Binge eaters who get a specialized form of talk therapy aimed at reducing their bingeing behavior are more likely than those who participate in a weight-loss program to shed their eating disorder two years after treatment, a new study finds. But among binge eaters who are obese, no treatments led to long-term weight loss.
Those findings are the newest evidence that binge eating--a pattern of frequent out-of-control consumption accompanied by guilt and shame and often contributing to obesity--may yield to therapies tailored to treating the disorder. But it also suggests that obesity--which affects most binge eaters--is tougher to treat, and will likely not go away even if the bingeing behavior is extinguished. The study, published in the Archives of General Psychiatry, comes as the American Psychiatric Assn. ponders whether binge eating should be recognized as an eating disorder distinct from bulimia and anorexia when the psychiatric community releases its updated diagnostic manual in 2013.
The study pitted three kinds of treatment--interpersonal therapy, a form of cognitive behavioral therapy described as "guided self-help," and a behavioral weight-loss program--against each other for 24 weeks. Immediately following the interventions and a year later, all three appeared to have roughly equal success in reducing the central--psychological--symptoms of binge eating disorder. The behavioral weight-loss program, however, resulted in greater weight loss at the earliest assessment period.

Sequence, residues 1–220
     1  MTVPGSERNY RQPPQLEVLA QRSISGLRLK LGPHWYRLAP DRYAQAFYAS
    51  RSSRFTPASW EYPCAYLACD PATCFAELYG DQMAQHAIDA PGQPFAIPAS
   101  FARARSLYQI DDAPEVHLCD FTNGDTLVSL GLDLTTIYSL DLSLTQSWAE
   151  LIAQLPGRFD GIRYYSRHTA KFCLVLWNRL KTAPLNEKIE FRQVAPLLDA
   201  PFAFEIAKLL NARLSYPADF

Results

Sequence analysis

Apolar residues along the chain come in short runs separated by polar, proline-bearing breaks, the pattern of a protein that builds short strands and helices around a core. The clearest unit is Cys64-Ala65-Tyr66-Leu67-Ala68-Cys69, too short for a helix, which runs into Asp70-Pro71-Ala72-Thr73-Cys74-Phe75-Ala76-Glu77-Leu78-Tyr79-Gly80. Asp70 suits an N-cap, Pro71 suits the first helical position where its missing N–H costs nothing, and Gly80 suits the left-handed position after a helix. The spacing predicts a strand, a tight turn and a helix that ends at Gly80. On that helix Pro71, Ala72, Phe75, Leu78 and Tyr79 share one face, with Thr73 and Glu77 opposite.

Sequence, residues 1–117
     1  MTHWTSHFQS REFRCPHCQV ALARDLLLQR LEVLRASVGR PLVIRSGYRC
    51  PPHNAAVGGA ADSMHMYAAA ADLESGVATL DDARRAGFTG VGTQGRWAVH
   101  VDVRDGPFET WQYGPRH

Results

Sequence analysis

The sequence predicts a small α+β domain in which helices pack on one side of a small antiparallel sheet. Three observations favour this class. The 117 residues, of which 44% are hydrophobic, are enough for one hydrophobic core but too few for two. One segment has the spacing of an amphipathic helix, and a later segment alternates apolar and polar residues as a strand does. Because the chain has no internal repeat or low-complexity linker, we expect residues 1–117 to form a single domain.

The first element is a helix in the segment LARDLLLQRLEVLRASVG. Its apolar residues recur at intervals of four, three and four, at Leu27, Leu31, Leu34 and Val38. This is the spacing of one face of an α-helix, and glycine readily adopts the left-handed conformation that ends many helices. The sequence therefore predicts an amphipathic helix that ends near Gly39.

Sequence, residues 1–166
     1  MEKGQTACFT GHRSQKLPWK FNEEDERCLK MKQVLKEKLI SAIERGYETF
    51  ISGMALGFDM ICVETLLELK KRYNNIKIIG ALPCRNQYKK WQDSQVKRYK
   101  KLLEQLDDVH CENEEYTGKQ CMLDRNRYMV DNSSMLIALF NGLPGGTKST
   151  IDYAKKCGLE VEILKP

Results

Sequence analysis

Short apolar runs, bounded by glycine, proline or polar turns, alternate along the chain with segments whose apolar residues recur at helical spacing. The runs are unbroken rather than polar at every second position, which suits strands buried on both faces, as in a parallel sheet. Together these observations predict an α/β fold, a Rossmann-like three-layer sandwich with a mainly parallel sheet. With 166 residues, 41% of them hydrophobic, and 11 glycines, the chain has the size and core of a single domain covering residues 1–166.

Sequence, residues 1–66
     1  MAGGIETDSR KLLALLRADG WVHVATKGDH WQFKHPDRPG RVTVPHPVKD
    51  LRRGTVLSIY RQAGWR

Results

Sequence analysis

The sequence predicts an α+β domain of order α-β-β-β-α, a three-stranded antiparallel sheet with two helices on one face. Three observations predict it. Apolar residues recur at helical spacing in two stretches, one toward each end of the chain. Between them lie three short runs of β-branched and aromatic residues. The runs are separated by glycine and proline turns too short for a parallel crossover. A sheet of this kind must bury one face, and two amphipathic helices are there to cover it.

A year later, all three treatments still looked to have had similar rates of success in alleviating binge-eating symptoms. But by the two-year post-treatment mark, the two forms of talk therapy appeared far superior to the behavioral weight-loss program in maintaining a remission of binge-eating symptoms. Meanwhile, those in the behavioral weight-loss group steadily gained back the weight they had lost during the program; in the end, the number of subjects in all three intervention groups who had lost 5% of their body weight and kept it off showed statistically little difference: 21% of those in interpersonal therapy, 23% of those in cognitive behavioral therapy and 27% of those that had been in the behavioral weight-loss program were able to maintain a 5% weight loss.
The study, led by Rutgers University psychologist G. Terence Wilson, underscores that, in treating binge eating disorder, treating the symptom--obesity--probably doesn't pay in the long run. And it's not effective either.
Think you may have a binge-eating problem? A good place to start is here, but also see our recent report on the subject, as well the fledgling support and advocacy organization for Binge Eating Disorder, here. Many people report they have had great success with Overeaters Anonymous, a 12-step program that views overeating as a form of addiction. To get the take of one of the nation's best-regarded binge-eating programs, check out the eating disorders program at Duke University.
-- Melissa Healy